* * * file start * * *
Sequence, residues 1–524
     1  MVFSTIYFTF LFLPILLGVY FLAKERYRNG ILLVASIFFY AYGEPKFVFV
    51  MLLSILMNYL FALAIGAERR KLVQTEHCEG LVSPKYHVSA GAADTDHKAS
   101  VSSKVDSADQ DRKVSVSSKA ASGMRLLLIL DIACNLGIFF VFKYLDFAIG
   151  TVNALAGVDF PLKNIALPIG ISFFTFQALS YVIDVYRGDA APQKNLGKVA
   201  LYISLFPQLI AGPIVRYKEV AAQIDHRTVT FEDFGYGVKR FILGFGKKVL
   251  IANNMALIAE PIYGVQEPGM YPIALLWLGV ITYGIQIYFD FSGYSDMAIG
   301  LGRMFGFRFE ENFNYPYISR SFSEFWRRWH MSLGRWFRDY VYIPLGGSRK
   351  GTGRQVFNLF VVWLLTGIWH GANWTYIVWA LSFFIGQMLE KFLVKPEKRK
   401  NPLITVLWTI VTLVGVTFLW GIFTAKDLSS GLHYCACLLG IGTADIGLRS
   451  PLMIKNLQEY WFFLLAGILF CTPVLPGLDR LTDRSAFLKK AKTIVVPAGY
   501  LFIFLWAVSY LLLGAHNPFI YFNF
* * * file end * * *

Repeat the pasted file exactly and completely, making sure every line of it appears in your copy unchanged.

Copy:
Sequence, residues 1–524
     1  MVFSTIYFTF LFLPILLGVY FLAKERYRNG ILLVASIFFY AYGEPKFVFV
    51  MLLSILMNYL FALAIGAERR KLVQTEHCEG LVSPKYHVSA GAADTDHKAS
   101  VSSKVDSADQ DRKVSVSSKA ASGMRLLLIL DIACNLGIFF VFKYLDFAIG
   151  TVNALAGVDF PLKNIALPIG ISFFTFQALS YVIDVYRGDA APQKNLGKVA
   201  LYISLFPQLI AGPIVRYKEV AAQIDHRTVT FEDFGYGVKR FILGFGKKVL
   251  IANNMALIAE PIYGVQEPGM YPIALLWLGV ITYGIQIYFD FSGYSDMAIG
   301  LGRMFGFRFE ENFNYPYISR SFSEFWRRWH MSLGRWFRDY VYIPLGGSRK
   351  GTGRQVFNLF VVWLLTGIWH GANWTYIVWA LSFFIGQMLE KFLVKPEKRK
   401  NPLITVLWTI VTLVGVTFLW GIFTAKDLSS GLHYCACLLG IGTADIGLRS
   451  PLMIKNLQEY WFFLLAGILF CTPVLPGLDR LTDRSAFLKK AKTIVVPAGY
   501  LFIFLWAVSY LLLGAHNPFI YFNF